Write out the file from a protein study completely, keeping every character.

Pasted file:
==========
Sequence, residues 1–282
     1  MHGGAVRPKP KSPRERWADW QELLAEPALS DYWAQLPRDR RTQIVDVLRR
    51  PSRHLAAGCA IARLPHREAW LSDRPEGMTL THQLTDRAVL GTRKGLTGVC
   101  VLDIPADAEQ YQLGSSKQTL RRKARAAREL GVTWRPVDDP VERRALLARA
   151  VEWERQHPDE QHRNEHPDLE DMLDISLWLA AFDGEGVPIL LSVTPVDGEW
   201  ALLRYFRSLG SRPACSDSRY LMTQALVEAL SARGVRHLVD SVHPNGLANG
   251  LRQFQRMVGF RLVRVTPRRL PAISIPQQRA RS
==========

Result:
Sequence, residues 1–282
     1  MHGGAVRPKP KSPRERWADW QELLAEPALS DYWAQLPRDR RTQIVDVLRR
    51  PSRHLAAGCA IARLPHREAW LSDRPEGMTL THQLTDRAVL GTRKGLTGVC
   101  VLDIPADAEQ YQLGSSKQTL RRKARAAREL GVTWRPVDDP VERRALLARA
   151  VEWERQHPDE QHRNEHPDLE DMLDISLWLA AFDGEGVPIL LSVTPVDGEW
   201  ALLRYFRSLG SRPACSDSRY LMTQALVEAL SARGVRHLVD SVHPNGLANG
   251  LRQFQRMVGF RLVRVTPRRL PAISIPQQRA RS